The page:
Skip Content

Why a 100% carded workforce isn’t always 100% right

Published: May 25, 2017

Most people are familiar with the role the Construction Skills Certification Scheme (CSCS) performs in improving standards and safety on construction sites. However, not everyone realises that people attending site to perform a non-construction related occupation should not be expected to carry a CSCS card.

CSCS is challenging construction sites to stop turning away non-construction related workers without CSCS cards, and this is why:

CSCS cards are intended for construction related occupations only. This is fully supported by the Construction Leadership Council’s (CLC) announcement that card schemes carrying the CSCS logo must only certify those occupations with nationally recognised construction related qualifications.

Due to the wide range of skills required on construction projects, there are times when a worker arrives on site to perform a non-construction related activity, for example catering staff, drivers delivering materials, cleaners or security guards. These individuals are not construction workers and CSCS has stopped issuing cards for these and over 60 other non-construction related occupations.

Despite this some construction sites still operate a 100% carded workforce policy. The policy is often reinforced in client’s prequalification documents or by head office insisting all workers and visitors to site should carry a CSCS card.

This rigid enforcement of a 100% carded workforce results in legitimate, non-construction related, workers being refused entry to site as they do not hold a card. This indicates a misunderstanding of the scheme and undermines the construction industry’s desire for a fully qualified (not carded) workforce.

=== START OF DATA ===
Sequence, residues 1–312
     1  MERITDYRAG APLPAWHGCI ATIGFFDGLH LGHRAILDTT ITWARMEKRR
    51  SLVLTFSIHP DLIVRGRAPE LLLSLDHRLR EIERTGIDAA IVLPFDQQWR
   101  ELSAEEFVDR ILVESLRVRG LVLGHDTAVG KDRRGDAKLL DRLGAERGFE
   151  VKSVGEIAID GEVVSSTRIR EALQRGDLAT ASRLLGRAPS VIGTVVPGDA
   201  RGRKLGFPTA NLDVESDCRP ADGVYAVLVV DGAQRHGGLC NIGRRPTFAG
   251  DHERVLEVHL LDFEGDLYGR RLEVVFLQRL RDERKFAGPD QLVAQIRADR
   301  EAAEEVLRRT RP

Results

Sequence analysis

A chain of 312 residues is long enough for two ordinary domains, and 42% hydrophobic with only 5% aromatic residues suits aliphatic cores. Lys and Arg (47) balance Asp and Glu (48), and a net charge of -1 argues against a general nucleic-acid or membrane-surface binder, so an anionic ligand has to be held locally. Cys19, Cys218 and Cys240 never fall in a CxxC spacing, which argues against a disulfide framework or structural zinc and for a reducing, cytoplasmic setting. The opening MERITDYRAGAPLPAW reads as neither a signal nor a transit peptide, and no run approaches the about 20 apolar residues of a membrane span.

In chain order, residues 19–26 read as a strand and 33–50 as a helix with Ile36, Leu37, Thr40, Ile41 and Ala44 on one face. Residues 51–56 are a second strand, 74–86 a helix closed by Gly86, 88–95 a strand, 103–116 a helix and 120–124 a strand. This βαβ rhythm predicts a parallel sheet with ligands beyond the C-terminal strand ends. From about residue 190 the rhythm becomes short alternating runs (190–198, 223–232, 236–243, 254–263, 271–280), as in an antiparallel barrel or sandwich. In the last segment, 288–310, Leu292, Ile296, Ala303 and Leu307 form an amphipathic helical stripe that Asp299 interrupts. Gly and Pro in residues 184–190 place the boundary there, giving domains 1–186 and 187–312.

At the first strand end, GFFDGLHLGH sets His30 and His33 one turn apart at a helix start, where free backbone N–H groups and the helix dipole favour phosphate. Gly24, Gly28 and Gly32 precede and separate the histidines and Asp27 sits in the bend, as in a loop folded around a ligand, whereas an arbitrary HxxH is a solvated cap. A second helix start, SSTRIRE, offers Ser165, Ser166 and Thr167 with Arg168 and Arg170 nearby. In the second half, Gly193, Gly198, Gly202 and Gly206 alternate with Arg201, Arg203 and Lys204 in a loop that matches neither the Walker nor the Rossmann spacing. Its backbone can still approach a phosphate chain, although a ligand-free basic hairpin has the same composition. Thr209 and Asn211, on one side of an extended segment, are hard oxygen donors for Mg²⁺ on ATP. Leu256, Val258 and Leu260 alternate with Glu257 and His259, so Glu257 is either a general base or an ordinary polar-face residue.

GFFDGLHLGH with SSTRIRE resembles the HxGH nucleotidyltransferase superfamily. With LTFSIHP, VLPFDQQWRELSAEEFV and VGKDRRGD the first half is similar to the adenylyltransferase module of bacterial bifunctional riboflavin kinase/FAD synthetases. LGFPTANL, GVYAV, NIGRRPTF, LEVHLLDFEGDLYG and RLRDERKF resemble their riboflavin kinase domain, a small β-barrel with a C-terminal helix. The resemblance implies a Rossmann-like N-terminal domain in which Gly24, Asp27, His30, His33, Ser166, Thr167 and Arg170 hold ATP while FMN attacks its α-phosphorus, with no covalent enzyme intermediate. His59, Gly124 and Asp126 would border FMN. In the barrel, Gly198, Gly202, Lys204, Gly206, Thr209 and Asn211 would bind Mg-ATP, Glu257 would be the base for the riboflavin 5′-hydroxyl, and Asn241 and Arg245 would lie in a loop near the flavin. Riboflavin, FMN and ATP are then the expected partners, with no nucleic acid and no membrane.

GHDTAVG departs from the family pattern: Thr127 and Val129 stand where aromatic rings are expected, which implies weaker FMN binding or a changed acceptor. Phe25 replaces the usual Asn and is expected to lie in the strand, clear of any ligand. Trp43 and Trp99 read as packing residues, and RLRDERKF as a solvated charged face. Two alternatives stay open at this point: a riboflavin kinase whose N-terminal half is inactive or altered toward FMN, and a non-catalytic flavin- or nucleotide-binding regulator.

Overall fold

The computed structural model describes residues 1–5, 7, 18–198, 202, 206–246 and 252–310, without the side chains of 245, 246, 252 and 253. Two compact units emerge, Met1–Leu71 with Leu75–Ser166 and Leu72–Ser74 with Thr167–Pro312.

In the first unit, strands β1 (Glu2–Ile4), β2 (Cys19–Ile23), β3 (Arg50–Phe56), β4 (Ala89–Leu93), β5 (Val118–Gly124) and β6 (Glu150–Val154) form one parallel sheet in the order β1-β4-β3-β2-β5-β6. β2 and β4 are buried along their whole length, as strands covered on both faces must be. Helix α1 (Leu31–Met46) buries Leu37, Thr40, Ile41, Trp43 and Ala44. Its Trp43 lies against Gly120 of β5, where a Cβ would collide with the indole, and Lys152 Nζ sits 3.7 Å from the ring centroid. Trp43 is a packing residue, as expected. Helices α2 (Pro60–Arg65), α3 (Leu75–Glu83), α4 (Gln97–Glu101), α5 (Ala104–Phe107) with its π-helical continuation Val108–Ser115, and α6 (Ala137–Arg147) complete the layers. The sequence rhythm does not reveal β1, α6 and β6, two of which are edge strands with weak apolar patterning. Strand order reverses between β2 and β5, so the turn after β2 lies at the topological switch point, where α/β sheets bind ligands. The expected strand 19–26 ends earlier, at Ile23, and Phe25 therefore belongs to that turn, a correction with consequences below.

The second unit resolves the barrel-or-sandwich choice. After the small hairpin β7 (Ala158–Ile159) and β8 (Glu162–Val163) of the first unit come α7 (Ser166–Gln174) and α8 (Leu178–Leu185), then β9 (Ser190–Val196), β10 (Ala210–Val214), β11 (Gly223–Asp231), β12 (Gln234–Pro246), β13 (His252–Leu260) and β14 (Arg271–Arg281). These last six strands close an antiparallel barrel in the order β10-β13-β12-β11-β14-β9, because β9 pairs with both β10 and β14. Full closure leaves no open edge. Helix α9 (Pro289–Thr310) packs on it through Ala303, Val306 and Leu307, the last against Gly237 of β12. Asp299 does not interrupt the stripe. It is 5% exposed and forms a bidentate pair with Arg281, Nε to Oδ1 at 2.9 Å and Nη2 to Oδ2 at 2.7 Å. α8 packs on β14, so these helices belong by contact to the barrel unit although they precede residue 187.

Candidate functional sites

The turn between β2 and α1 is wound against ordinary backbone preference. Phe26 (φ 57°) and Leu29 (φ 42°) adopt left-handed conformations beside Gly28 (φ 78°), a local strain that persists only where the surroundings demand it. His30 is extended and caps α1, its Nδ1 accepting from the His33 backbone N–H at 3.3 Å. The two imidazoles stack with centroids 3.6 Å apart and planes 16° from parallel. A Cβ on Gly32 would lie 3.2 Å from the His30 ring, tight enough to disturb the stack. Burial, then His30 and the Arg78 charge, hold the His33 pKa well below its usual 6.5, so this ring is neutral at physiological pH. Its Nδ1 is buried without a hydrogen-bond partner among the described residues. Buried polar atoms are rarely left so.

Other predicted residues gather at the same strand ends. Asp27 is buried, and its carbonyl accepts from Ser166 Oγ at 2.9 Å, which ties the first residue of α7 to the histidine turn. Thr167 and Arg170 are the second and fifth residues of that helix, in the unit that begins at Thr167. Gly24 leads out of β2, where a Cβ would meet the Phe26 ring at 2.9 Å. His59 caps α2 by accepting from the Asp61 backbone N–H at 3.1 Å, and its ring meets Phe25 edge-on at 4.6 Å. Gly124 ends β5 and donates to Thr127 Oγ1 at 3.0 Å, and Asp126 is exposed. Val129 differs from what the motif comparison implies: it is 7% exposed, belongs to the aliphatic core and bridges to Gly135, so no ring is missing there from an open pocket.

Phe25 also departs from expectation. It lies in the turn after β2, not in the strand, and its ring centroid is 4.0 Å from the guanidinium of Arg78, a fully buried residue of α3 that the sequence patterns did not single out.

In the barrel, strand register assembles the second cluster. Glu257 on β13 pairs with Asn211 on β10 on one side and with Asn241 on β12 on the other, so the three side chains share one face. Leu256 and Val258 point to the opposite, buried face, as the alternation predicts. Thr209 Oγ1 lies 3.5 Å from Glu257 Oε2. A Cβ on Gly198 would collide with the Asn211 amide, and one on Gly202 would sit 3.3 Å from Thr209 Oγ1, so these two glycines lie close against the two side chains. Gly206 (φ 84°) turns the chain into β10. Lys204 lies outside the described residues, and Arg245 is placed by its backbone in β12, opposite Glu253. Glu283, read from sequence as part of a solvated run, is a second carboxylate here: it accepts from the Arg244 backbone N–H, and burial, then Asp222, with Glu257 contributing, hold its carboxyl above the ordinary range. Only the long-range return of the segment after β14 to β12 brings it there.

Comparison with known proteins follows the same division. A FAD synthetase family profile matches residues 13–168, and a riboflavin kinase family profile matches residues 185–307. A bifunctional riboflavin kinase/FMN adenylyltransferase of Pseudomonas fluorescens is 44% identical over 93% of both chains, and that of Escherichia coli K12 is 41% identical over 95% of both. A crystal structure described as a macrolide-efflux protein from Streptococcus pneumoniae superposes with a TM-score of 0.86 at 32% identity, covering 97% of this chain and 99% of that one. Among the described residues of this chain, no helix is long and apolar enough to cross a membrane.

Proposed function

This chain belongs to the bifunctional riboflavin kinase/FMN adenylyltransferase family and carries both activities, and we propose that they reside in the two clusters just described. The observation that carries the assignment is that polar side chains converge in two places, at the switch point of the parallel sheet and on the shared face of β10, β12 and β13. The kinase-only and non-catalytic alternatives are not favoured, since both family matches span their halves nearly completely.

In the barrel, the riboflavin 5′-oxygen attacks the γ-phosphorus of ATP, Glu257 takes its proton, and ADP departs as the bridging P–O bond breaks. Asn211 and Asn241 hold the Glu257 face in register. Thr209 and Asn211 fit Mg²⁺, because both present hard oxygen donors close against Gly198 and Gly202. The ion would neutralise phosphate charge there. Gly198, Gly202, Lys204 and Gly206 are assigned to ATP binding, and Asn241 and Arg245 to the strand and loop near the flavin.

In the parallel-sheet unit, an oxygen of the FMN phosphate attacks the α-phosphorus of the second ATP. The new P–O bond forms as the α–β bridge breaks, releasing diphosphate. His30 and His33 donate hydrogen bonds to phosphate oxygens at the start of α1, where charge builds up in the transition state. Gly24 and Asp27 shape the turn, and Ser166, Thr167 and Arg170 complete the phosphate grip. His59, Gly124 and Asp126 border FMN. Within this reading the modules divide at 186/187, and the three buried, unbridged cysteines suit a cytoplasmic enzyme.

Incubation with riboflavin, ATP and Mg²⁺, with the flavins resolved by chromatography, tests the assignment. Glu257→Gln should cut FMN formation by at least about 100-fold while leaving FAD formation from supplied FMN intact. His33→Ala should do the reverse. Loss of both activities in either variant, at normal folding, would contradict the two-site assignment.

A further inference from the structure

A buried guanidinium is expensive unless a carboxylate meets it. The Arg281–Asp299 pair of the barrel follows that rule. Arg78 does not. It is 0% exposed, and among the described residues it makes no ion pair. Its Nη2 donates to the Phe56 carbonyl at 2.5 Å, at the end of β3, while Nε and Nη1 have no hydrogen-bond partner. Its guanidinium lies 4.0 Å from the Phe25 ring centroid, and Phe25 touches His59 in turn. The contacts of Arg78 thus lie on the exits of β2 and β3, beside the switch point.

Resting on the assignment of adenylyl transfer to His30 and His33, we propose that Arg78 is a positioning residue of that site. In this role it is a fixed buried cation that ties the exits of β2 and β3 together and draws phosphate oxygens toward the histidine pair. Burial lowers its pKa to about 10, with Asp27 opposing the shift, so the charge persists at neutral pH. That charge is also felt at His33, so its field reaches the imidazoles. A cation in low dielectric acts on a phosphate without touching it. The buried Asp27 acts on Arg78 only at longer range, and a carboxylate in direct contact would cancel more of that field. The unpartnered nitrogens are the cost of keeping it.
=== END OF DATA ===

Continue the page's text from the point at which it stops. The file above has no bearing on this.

The blind faith many employers place in a 100% carded workforce can introduce unnecessary safety risks on site. The cards are often being used simply as a means for the worker to gain access to site rather than being used to verify the card holder’s construction related qualifications. Sometimes cards are given no more than a quick visual glance, rather than a thorough inspection to ensure the card holder has the appropriate training and qualifications for the job they do on site.

The move away from a 100% carded workforce will see an increase in the numbers of individuals turning up to site without a card. However, we are not asking site managers to allow just anyone on site. If a worker is there to carry out a construction related activity then a card should be required as proof of their training and qualifications. If they are there to perform a non-construction related activity it then becomes the responsibility of site managers to induct and escort these people to ensure they remain safe at all times when on site.

The decision not to issue cards for non-construction related occupations is a significant change for the industry, but it has the potential to raise standards, improve safety and move us ever closer to what industry has long desired, a fully qualified workforce.

For a full list of occupations removed from CSCS click here.